︎︎︎ Lost + Found Archive

“Lost + Found Archive” is a project that was born purely out of chance in 2022. I was out in East London when I stumbled on a box full of old diapositives. A man was selling them at a street market, although they did not belong to him or his family. In facts, he barely seemed to remember how he came in possessions of those frames.
It is not clear whether the images belong to the same collection or if they were taken by the same people. A few of the diapositives present information such as the year when they were made or short descriptions on the borders of the frame, giving clues about their origins. Some of the pictures have elements in common, such as the kids playing.

The most common perception of what an archive is, is a grouping of materials that purposefully selected in order to be studied and made accessible. The first definition of “archives” endorsed by the Society of American Archivists focuses on “especially those materials maintained using the principles of provenance, original order, and collective control.”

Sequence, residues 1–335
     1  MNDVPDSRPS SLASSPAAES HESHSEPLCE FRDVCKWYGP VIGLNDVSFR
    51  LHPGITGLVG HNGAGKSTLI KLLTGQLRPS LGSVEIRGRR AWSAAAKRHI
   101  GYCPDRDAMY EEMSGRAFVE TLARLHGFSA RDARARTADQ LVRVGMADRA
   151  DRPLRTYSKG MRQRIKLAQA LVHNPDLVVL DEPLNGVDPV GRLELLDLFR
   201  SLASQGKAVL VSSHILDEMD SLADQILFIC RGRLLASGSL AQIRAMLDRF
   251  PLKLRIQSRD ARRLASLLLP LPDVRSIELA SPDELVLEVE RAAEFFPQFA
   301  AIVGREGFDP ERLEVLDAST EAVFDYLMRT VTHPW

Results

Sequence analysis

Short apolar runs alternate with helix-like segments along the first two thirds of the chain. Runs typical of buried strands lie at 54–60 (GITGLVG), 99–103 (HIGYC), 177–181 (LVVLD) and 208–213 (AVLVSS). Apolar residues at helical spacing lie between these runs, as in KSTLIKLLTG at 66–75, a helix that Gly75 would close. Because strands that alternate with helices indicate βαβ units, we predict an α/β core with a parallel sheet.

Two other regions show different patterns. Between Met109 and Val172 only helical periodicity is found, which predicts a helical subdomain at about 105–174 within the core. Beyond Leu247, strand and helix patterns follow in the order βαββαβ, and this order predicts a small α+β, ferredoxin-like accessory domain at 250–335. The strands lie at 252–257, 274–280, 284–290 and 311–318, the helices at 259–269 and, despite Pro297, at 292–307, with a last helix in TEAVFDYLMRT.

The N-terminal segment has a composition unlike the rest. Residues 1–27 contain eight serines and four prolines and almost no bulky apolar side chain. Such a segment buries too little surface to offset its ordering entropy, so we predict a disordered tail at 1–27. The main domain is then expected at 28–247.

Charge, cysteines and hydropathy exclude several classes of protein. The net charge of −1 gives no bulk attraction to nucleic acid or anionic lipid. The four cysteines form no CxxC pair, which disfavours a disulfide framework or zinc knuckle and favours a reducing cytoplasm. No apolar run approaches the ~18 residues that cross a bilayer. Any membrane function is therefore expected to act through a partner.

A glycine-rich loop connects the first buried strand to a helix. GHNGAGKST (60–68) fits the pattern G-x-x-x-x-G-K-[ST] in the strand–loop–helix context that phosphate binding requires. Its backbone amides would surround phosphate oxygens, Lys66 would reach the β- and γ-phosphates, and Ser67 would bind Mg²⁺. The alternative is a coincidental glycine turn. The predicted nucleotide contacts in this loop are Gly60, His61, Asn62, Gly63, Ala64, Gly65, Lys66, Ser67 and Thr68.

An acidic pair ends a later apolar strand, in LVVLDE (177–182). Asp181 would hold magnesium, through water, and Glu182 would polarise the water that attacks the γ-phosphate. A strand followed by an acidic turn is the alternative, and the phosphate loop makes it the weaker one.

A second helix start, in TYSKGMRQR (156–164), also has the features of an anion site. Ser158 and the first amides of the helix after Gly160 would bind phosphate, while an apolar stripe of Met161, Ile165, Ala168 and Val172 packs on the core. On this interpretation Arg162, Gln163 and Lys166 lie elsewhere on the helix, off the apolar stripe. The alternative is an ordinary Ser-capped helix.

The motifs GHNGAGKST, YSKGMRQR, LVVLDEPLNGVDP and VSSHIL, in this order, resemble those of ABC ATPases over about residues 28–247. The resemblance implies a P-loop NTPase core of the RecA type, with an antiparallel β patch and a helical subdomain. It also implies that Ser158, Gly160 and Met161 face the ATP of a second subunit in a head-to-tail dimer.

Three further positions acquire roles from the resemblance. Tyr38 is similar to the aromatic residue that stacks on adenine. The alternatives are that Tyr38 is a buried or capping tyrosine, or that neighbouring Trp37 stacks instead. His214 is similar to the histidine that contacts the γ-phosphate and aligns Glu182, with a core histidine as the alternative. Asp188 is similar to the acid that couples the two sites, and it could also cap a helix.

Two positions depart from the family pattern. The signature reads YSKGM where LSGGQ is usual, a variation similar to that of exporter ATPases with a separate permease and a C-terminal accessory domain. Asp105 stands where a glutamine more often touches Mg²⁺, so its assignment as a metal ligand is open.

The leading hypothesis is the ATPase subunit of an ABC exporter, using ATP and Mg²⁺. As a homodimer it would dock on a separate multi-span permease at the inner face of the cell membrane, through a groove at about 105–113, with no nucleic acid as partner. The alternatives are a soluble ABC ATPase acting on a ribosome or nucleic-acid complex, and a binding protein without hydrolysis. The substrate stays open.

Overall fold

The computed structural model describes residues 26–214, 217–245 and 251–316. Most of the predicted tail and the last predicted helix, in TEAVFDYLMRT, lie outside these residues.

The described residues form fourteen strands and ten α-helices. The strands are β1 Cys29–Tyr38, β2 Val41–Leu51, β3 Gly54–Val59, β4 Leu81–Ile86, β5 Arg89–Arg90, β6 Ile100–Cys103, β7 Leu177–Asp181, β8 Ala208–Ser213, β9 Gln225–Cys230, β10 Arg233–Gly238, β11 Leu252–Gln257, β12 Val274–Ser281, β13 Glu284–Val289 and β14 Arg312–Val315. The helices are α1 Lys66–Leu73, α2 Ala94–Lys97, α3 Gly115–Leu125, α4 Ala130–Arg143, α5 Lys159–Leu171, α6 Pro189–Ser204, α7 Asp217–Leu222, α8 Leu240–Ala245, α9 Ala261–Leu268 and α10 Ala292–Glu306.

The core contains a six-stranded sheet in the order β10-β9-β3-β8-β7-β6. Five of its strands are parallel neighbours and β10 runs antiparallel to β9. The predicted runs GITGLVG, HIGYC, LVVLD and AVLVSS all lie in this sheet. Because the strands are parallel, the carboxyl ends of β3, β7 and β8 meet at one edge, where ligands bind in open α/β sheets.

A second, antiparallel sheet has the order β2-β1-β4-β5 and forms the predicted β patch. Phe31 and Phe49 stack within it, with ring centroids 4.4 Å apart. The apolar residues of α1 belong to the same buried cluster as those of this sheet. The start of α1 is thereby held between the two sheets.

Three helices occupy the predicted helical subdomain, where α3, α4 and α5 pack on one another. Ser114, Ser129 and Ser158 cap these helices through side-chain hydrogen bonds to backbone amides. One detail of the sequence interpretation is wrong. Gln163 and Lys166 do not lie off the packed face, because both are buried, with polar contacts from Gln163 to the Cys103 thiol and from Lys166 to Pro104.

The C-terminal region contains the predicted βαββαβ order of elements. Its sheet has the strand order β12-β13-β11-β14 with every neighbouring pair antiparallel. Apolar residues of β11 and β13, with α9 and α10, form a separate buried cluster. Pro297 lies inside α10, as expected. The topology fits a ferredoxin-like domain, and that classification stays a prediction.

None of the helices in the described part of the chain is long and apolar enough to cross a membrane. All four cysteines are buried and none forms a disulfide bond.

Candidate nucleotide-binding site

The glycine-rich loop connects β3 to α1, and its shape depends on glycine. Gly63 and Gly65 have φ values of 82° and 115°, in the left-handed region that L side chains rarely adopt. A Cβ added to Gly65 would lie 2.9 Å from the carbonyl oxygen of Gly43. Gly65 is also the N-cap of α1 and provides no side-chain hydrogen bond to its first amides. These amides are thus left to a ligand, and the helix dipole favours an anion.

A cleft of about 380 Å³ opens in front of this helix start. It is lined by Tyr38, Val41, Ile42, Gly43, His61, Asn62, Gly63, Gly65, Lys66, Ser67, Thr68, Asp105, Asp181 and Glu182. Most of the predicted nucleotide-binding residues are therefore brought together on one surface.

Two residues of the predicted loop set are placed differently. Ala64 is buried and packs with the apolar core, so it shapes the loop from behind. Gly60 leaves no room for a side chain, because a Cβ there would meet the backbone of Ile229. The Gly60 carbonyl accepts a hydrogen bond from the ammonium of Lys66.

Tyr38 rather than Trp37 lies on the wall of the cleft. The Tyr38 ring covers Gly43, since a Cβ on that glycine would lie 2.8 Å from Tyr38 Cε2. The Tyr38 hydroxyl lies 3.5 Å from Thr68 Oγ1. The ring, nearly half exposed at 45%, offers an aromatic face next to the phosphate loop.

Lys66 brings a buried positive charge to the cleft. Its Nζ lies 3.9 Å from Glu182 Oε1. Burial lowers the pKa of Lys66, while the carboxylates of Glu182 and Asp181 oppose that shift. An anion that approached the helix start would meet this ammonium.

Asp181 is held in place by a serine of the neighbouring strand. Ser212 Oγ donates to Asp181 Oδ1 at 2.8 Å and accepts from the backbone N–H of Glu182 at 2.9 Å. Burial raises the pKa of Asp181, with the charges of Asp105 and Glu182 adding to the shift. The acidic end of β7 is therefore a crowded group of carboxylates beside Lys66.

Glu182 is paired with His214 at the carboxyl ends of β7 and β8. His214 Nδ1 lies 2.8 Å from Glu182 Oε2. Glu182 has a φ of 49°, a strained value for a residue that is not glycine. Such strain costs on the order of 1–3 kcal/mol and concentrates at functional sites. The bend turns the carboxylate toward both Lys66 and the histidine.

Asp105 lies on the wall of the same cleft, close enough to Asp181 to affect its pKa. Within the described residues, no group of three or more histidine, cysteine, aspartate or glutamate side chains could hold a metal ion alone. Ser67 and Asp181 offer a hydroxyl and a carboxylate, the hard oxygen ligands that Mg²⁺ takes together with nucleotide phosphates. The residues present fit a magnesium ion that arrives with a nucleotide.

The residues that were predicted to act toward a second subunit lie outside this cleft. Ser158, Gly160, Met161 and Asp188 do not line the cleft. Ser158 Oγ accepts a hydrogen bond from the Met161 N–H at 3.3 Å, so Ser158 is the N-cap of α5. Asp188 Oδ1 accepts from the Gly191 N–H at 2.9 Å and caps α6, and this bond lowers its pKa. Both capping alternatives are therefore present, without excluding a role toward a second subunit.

I argue that this collection, despite the lack of a selective agent, can still be considered as an archive. In this case, time and chance become the archivists, and it’s up to the lucky collector to define a criteria and an order among the images.
The frames echo each other and the observer moves them and aligns them like pieces of a puzzle.

“Lost + Found Archive” reflects on the ideas of preservation, collection and selection of photographic material. Despite the memories on film belonging to somebody else, I felt responsible for their maintenance from the moment I picked them up. The emotional value added by the feeling of loss and nostalgia for unexperienced moments, people and places contributes to the analysis of the purpose of photographic archives as a healing source for collective memory.

Find me on Instagram